4. Learn the Basics. You don't have to build your own home to know how many bedrooms, bathrooms and square footage you need. You don't have to select every fund, in order to ensure that you are diversified and have enough safe in your nest egg. Learn the basics. Otherwise the money manager, just like the home builder, could be giving you far more than you need -- just for the commissions and fees they receive.

5. Take Ownership. If someone loses your dough in a bad investment, it's your money, not theirs, that disappears. As Joe Moglia, the chairman of TD AMERITRADE always says, "No one cares about your money more than you do." Your future, which is seeded from the investments of today, depends on you.

6. Keep Players in Their Position. CPAs are tax specialists. Options trading pros are not trained to protect you and keep you safe. Brokers have both restrictions and incentives on what they can and can't sell you. You don't have to get a Ph.D. in economics to simply understand that you don't want your linebacker running downfield for the Hail Mary pass, or your CPA (who is hired to minimize your tax burden) trying to pick which investments offer the best Return on Investment (ROI). Your agent may be great at negotiating higher salaries, without knowing the first thing about building casinos in Atlantic City, or whether or not his buddy has enough experience to manage your estate.

7. Win, Don't Whine (or Sue). Trying to sue your way to victory is another sure way to bankruptcy. Lawyers are expensive. Make it your job to put together a winning 10-year budgeting and investing plan, with qualified financial partners who are committed to working together and doing an outstanding job, and stick to it. If you get cut from your position, or lose your job, act quickly to realign your game plan with the new reality, so that you can create a tomorrow that makes sense. Before you sue anyone, or hire attorneys for any reason, do a forensic analysis of what you stand to gain, versus the price of the pursuit. The best return on investment occurs as a result of great planning, rather than suing someone to gain back losses.

8. Own Your Home. Interest rates are at an all-time low. If your 10-year plan includes staying in the same city, then chances are that buying a home you can afford is a great investment -- provided you don't purchase your home at too high of a price. Why? In many cities, it is as cheap (or cheaper) to buy than it is to rent. You get to write off the amount you pay in interest, offering a great reduction in your tax burden. And you have the potential to earn capital gains on the home itself. Make sure that your home purchase fits into the 50 percent to survive portion of your Thrive Budget. (You'll also need transportation, heat, food, clothing, insurance and to pay taxes, etc. to survive.) Over the past 30 years, real estate has increased in value 5.74 percent every year, on average (including the most recent real estate bust).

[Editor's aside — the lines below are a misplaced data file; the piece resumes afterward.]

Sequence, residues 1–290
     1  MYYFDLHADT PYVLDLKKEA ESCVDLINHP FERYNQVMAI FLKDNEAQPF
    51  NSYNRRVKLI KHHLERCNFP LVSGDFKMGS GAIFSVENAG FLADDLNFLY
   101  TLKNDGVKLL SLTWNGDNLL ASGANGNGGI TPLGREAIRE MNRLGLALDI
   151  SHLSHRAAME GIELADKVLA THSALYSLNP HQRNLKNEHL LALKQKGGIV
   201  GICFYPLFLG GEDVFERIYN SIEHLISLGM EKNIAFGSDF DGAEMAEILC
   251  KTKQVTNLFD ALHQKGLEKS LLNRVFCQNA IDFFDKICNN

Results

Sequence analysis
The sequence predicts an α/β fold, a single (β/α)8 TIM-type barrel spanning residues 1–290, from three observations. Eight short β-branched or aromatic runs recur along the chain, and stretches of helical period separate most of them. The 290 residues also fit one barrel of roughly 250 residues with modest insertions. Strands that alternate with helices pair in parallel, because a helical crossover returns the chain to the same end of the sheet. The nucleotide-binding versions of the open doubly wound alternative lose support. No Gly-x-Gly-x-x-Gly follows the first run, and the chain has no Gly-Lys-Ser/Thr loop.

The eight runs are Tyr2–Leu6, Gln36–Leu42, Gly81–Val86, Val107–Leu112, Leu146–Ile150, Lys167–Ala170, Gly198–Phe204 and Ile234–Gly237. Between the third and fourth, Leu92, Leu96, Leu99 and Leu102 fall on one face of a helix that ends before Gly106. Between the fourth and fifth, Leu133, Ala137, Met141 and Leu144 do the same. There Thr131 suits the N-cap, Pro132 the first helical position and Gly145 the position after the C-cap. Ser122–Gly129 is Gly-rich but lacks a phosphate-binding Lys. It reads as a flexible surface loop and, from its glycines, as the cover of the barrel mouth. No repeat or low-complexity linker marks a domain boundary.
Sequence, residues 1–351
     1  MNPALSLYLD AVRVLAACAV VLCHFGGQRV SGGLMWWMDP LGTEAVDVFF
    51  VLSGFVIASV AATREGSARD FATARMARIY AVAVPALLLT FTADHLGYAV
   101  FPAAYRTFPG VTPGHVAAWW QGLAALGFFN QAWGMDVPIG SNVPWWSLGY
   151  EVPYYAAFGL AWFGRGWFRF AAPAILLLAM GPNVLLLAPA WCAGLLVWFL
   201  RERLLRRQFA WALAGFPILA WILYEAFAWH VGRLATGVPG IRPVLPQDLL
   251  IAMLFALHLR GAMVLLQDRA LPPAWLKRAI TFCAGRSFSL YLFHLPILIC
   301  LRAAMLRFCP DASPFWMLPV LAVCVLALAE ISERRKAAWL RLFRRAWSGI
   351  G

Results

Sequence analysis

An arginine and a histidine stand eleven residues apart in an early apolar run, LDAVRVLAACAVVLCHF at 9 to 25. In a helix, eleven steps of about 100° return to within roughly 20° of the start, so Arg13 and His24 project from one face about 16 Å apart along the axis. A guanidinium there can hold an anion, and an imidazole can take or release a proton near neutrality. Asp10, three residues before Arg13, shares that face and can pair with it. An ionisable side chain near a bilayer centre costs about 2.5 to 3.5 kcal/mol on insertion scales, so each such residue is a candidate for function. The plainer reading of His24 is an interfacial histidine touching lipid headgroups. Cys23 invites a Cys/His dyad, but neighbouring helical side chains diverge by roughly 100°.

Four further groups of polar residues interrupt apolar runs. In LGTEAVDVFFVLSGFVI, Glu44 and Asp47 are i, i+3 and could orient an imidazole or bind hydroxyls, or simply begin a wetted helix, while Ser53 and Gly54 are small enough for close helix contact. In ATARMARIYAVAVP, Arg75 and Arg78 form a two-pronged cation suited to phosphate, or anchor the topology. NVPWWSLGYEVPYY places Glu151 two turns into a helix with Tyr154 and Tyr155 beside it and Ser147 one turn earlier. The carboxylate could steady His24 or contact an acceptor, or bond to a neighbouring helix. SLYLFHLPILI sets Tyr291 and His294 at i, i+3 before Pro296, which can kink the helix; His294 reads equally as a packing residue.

9. Protect 10 percent of Income from Financial Predators. According to Marion Jones, the Olympic all-star who declared bankruptcy in 2007, she lost a lot of her money on lawyers. "Bills, attorney bills, a lot of different things to maintain the lifestyle," she said in bankruptcy court, explaining why she was down to her last $2000. Survivor winner Richard Hatch went to jail for tax evasion. Living is expensive. The minute you hit the jackpot, you get very popular with Uncle Sam (taxes), the debt collector (credit cards), the utility company (all those late night raves), the cell phone company (get a better data plan), the bank, the county tax collector, money managers, attorneys, unscrupulous scam artists (who trip on your front porch), fair weather friends and more. That is why it is important to protect your money first, no matter what, in IRAs, HSAs and 401Ks because that money is yours to keep forever -- no matter what. No one can sue you to take it away. This is another call to get money smart, so that you can employ all of the legal ways of reducing taxes, compounding gains, protecting your assets and limiting your financial exposure.

10. Know Your Exit Strategy. Get Educated. Athletes are not the only professionals who need an Act 2 in their career. Most of us are switching jobs every eight years these days. No matter how secure you feel in your job, keep up your commitment to lifelong learning and that 10 percent of your budget that supports it. Education is the highest correlating factor with income. The more you know; the more you earn and the less likely you are to be unemployed in the years ahead. The more you know about financial literacy, the easier it will be to protect your assets, compound your gains and avoid crippling (or bankrupting) losses.